Beverly Capper, DNP, RNC-NIC, Program Director
Degree: Bachelor of Science in Nursing (BSN)
The BSN program emphasizes intensive and early clinical experience, a strong foundation in acute care nursing, and a commitment to service to our community. Our students begin their clinical experience in the first term of the freshman year and complete their program with a 280-hour clinical preceptorship in the senior year. Students graduate with over 1300 hours of clinical experience, exceeding that of other schools of nursing. In addition, students provide healthcare services to children and families--collectively amassing approximately 16,000 hours of service to local schools alone each year.
The student-learning environment includes traditional classrooms, world-class clinical facilities, community settings and the Center for Nursing Education, Simulation & Innovation (CNESI). Clinical experiences occur in Cleveland’s nationally and internationally renowned health care facilities including University Hospitals of Cleveland, the Cleveland Clinic, the MetroHealth Medical Center System, and the Veterans Administration. Students also have extensive experience in community health departments, community centers and the Cleveland Metropolitan School District.
The opportunities available to students are limitless. Students are encouraged to participate in interdisciplinary research projects with faculty. They have the opportunity to explore health issues in the global arena and to study at national sites as part of their standard curriculum.
Graduates have a foundation in the discipline of nursing, demonstrate leadership in clinical practice, use clinical inquiry to advance practice, become involved in research, quality improvement, and assume responsibility for their own professional development.
- Demonstrates the ability to integrate principles of evidence-based practice and quality improvement to deliver safe patient-centered care.
- Exhibits leadership skills to optimize health care outcomes, influence health policy and advance the nursing profession.
- Demonstrates clinical reasoning that promotes a culture of quality and safety to individuals, families and populations.
- Collaborates with interprofessional teams, fostering open communication and shared decision making to ensure safe, high quality and cost-effective care.
- Integrates behaviors, values and the professional code that reflects the nursing profession.
- Explains the benefits of utilizing health care information systems and technologies to promote safe, patient-centered care and support decision making.
- Recognizes the individual as a full partner in coordinating care that promotes health and well-being based on respect of their preferences, values and needs.
Progression in the BSN Program
Progression in the Bachelor of Science in Nursing program is contingent upon satisfactory academic achievement in all required courses. To maintain satisfactory academic standing, students must attain a GPA of 2.000 or above by the end of their junior year and must obtain a C for all courses specifically required for the major in nursing. Students who receive two unsatisfactory grades (D or F) in nursing and/or natural and behavioral science courses may be subject to separation from the school of nursing. See the Undergraduate Student Handbook for a description of the criteria for academic standing.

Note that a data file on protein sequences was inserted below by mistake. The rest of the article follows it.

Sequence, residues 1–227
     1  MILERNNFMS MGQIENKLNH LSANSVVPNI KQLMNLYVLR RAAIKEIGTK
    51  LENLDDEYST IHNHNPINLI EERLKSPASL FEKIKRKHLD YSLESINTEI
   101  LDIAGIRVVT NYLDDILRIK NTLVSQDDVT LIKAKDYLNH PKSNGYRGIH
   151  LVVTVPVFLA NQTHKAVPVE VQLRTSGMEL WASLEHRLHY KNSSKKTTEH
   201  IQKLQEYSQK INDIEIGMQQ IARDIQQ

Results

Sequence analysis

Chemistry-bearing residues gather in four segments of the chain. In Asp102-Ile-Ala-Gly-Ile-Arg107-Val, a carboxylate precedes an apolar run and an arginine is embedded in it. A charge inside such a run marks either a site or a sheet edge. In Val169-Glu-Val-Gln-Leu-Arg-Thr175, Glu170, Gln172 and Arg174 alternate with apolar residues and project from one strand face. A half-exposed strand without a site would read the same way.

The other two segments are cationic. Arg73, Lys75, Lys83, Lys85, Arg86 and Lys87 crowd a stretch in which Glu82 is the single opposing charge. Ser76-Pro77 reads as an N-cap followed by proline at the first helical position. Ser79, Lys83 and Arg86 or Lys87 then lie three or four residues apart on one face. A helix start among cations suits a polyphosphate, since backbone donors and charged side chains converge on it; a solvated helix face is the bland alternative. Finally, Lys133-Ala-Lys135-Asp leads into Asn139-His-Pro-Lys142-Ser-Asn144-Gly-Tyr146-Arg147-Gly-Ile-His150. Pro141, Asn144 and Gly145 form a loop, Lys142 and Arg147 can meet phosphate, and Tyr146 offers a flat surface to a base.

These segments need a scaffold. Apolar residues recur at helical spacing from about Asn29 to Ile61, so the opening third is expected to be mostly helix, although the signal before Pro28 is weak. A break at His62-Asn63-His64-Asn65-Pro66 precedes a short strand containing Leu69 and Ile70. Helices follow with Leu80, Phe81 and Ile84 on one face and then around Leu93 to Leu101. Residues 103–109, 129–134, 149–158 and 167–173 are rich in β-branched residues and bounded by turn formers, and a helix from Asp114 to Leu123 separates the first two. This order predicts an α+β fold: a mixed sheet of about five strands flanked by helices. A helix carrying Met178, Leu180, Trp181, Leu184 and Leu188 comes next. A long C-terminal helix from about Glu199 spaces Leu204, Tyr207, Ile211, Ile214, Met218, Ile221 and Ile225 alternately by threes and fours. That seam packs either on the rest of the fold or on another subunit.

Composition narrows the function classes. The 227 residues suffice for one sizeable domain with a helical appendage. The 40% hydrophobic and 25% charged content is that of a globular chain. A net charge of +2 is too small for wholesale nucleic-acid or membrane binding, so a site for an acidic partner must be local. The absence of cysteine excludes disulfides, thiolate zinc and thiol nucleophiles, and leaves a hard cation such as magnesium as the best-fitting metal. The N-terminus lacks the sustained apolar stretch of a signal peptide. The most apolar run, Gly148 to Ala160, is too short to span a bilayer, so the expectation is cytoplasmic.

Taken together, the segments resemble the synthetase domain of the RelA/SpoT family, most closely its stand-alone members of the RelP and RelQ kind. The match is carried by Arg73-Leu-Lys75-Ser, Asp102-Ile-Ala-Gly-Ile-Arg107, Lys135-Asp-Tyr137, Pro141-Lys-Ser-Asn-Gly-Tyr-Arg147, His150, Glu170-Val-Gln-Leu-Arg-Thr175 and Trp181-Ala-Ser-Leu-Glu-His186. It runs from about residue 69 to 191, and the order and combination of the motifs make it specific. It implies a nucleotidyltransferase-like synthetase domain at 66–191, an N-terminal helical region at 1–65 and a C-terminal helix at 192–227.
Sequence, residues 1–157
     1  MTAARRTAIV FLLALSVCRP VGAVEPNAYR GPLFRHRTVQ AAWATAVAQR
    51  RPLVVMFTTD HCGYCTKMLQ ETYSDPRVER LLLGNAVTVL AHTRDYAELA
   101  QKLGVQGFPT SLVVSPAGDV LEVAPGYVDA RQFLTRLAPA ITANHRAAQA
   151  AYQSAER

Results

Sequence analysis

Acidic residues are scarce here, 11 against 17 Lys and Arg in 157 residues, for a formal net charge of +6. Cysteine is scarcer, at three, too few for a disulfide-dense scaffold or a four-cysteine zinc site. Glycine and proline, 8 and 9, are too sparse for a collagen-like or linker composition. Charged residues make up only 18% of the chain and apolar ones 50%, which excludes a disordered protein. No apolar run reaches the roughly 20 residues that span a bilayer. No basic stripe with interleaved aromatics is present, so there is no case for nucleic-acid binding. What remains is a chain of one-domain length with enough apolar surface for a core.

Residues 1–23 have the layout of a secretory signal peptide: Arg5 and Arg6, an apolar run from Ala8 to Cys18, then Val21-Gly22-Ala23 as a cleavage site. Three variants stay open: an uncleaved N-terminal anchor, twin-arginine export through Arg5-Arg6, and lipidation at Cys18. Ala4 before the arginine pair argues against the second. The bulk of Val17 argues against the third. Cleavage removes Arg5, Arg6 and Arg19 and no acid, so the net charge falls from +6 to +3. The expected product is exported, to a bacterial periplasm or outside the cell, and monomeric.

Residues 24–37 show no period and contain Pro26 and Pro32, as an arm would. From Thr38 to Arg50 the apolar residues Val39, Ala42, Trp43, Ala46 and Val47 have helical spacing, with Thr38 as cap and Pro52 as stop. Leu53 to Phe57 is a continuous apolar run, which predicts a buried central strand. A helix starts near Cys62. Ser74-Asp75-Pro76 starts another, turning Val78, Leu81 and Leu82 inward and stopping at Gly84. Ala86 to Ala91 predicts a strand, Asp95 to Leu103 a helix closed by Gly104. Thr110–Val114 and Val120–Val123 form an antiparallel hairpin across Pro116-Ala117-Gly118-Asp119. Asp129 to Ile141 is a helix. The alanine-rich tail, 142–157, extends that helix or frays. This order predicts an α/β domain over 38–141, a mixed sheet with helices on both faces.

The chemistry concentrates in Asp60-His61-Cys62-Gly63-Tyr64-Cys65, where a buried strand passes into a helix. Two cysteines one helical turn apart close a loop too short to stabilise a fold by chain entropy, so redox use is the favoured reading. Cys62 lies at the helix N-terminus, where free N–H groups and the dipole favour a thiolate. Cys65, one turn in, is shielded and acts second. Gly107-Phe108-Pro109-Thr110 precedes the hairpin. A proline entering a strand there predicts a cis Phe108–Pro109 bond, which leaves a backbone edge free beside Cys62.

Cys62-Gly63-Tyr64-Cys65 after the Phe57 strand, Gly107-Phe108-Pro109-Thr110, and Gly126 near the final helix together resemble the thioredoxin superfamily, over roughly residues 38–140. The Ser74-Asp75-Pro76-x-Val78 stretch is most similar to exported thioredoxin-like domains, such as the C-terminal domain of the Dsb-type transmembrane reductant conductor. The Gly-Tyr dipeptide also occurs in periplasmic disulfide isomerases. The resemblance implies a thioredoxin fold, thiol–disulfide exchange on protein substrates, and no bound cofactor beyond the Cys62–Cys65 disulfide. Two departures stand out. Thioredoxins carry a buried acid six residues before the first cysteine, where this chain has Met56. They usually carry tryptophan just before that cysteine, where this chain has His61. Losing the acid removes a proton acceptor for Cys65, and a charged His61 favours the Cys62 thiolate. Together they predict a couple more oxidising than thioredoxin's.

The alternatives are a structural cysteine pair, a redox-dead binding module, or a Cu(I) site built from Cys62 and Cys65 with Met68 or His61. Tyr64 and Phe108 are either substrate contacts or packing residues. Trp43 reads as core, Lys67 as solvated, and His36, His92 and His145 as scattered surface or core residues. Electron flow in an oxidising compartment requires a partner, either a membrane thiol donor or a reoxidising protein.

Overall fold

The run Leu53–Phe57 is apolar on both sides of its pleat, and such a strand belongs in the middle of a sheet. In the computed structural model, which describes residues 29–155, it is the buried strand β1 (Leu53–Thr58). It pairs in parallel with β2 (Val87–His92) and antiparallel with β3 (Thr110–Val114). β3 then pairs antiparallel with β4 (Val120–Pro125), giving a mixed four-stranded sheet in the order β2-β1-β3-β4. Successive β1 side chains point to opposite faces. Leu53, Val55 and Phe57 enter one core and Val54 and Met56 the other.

Students who receive a grade of Incomplete (I), given at the discretion of the instructor for the course, must complete course requirements by the eleventh week of the following semester or as outlined by the instructor of the course. It is the student’s responsibility to notify the instructor of the circumstances preventing completion of all assigned work. In the absence of notification or adequate justification, the instructor may give the student a final grade that assumes a failing grade for the missing work. If a student fails to submit the work required for removing the Incomplete by the date established or by the eleventh week of the following semester, the instructor will give a failing grade (F). The grade will convert from I to F when the deadline for making up incomplete grades from a previous semester has passed.
Students who receive a grade below C for a nursing course or a science course that counts toward the major must register for that course the next semester that it is offered. If the student fails to meet the University's requirement for good academic standing, the student is placed on academic probation. If the GPA does not improve the next semester, the Academic Standing Board of the Faculty Senate Committee on Undergraduate Education will review the student’s record to determine whether extenuating circumstances warrant an additional semester of probation or separation from the university.
In addition to your Sages advisor, each freshman nursing student will have a first year nursing advisor assigned to them. This is to assure a smooth transition during freshmen year.
This four-year baccalaureate program for high school graduates leads to a BSN degree. Upon successful completion of the program, graduates will be eligible to sit for the NCLEX examination for licensure as a Registered Nurse (RN). A sample study plan also demonstrates how a BSN student might schedule the required courses.
The FPB School of Nursing has the right to determine a student's readiness to sit for the NCLEX-RN examination and the right to restrict testing until the student demonstrates a readiness to pass this examination. This examination is given by State Boards of Nursing, and satisfactory completion of this examination enables the graduate to practice as an RN in the state for which the examination was taken.
For undergraduate policies and procedures, please review the Office of Undergraduate Studies section of the General Bulletin.